- Associated Press - Monday, April 28, 2014

HARTFORD, Conn. (AP) - A drop in projected state tax collections prompted Gov. Dannel P. Malloy on Monday to tentatively scrap plans for his proposed $55-per-person tax rebate, but the Democrat contends Connecticut’s economy is still doing “pretty darn good.”

Malloy’s Republican critics said Monday’s decision to take the rebate proposal off the table for this year’s state budget negotiations was emblematic of a greater problem with Connecticut’s economy, a key issue in this year’s governor’s race.

“Priority No. 1 for Dan Malloy when he was elected in 2010 was to lead Connecticut out of the Great Recession,” said Danbury Mayor Mark Boughton, one of several Republican candidates vying for the GOP’s endorsement. “After four years of trying, Dan Malloy has clearly failed at the task.”

Malloy and his budget chief, Benjamin Barnes, said the decision to forgo the tax refund, as well as a proposed supplemental pension payment, was prompted by income tax collections on capital gains in 2013 being several hundred million dollars below expectations. They blamed the revenue setback on the expiration of former President George W. Bush’s tax cuts on Jan. 1, 2013, which prompted many wealthy taxpayers in Connecticut and elsewhere to claim investment income in 2012.

“The reality is, is that one segment of income tax revenue is not coming in,” Malloy said. “We made an estimate of what we thought that would be. Other states did as well. Those estimates turned out low.”

Malloy said revenue from most other state taxes is ahead of schedule and there will be enough money to cover his administration’s priorities, including additional funding for early childhood education and assistance to manufacturers.

“The economy is actually doing pretty darn well,” Malloy said.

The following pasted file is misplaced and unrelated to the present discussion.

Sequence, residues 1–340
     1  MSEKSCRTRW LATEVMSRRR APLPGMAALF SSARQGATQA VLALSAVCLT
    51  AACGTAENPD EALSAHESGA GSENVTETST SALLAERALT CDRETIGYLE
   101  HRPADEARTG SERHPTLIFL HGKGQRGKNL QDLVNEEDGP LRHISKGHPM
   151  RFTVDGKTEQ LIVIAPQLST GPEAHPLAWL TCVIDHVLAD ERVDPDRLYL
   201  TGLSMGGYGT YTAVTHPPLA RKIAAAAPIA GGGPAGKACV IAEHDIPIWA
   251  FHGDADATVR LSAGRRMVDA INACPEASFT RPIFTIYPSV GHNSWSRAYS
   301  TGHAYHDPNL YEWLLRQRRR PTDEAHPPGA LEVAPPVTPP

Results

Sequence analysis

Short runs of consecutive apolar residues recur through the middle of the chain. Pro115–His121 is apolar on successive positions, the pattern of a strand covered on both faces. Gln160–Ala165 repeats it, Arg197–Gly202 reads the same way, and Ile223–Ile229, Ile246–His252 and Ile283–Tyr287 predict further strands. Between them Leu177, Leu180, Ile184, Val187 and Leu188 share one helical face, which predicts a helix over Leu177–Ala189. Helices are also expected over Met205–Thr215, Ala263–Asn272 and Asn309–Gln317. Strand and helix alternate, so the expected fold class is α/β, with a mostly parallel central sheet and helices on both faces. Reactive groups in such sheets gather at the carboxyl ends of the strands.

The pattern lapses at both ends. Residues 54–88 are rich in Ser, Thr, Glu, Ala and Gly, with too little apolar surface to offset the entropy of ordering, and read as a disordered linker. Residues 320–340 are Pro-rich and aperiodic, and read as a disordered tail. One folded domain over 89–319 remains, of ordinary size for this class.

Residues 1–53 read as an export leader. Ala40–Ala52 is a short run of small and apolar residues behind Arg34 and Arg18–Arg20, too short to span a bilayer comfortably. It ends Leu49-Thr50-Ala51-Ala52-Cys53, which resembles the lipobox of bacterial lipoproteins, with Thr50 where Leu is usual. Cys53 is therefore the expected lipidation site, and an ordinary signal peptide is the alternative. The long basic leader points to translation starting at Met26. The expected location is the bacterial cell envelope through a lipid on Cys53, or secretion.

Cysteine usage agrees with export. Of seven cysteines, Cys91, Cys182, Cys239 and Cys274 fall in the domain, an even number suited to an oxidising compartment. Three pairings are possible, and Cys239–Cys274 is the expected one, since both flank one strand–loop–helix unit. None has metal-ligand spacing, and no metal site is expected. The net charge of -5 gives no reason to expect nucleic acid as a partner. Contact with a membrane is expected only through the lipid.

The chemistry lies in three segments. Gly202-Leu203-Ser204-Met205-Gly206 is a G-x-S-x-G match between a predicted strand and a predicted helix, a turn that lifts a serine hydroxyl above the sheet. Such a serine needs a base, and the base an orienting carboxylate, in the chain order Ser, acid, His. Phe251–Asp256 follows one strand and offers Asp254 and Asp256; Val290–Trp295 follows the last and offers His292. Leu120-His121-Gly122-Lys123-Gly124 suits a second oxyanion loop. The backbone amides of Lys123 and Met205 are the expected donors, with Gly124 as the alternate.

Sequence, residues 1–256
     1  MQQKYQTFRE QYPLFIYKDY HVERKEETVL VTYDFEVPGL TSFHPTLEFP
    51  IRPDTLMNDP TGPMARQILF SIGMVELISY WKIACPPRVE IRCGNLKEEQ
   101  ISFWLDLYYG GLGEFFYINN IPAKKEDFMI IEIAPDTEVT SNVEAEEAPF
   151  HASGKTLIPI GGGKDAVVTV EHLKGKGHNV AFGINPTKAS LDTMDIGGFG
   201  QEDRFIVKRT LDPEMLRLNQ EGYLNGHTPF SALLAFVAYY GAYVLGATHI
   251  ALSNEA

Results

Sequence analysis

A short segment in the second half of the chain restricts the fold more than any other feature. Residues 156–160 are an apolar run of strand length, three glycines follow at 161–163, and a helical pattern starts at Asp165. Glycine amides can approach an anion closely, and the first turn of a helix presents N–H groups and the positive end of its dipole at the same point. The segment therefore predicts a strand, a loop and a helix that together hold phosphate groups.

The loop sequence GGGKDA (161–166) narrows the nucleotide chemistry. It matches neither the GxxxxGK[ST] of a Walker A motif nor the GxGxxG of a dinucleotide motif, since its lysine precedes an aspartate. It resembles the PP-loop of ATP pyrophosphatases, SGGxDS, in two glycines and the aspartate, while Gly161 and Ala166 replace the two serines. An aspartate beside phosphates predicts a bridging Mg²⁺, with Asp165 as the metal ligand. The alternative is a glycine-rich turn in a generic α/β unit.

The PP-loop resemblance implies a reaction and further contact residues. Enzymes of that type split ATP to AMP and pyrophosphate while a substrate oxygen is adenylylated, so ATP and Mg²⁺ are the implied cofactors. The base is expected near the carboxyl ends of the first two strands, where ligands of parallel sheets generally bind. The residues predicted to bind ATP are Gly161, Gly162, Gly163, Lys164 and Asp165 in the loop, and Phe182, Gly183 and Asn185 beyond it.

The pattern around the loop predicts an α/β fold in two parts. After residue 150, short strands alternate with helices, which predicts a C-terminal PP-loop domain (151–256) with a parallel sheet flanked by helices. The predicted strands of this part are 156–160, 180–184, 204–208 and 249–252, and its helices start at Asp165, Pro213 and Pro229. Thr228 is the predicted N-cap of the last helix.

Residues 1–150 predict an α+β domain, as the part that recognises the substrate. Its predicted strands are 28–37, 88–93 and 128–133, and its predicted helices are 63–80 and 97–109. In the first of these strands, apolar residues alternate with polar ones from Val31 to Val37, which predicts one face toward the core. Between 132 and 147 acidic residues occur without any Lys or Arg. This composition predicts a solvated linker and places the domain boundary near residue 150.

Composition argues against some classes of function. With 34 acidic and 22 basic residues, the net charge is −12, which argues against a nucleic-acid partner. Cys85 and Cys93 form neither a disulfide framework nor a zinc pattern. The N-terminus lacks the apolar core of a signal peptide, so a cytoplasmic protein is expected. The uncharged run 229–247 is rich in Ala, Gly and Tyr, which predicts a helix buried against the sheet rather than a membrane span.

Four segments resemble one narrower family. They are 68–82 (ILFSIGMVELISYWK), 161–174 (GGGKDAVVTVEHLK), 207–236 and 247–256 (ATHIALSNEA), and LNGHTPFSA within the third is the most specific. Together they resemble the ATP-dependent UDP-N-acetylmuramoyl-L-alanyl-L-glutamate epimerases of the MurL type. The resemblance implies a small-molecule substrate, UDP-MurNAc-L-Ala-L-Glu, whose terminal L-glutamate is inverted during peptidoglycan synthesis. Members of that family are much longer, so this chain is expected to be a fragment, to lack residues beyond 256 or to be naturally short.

House Minority Leader Lawrence Cafero Jr., R-Norwalk, who called the rebate initiative “an election-year gimmick,” questioned whether the expiration of the Bush tax cuts is to blame for the revenue shortfall. Instead, he maintains it’s a sign of the state’s continuing struggling economy.

“How in God’s name can a $55 tax rebate plan have something to do with George Bush? It is beyond my comprehension,” Cafero said. “You screwed up. You did the wrong thing. Take it on the chin and move on.”

Barnes is currently negotiating a final revised budget for the fiscal year that begins on July 1 with the Democratic leaders of the legislature’s budget-writing committees. A deal must be reached on a plan for the entire General Assembly to consider before the looming May 7 adjournment deadline.

It’s unclear exactly how much surplus money they’ll have to work with. For months, it’s been estimated that the current fiscal year will end June 30 with a $500 million surplus. But Cafero said he believes it is closer to $100 million and questioned whether that figure will even hold.

Both Malloy’s budget office and the General Assembly’s Office of Fiscal Analysis are scheduled to release a consensus revenue projection by Wednesday. If there is a surplus, Barnes said it will be deposited into the state’s Rainy Day Fund.

The proposed $55-per-person tax rebate proposal came about three years after Malloy pushed through a plan in 2011 to raise various taxes by a total of approximately $2.6 billion over two years to help cover a massive state budget. That plan also included spending cuts and labor concessions.

Copyright © 2016 The Washington Times, LLC.

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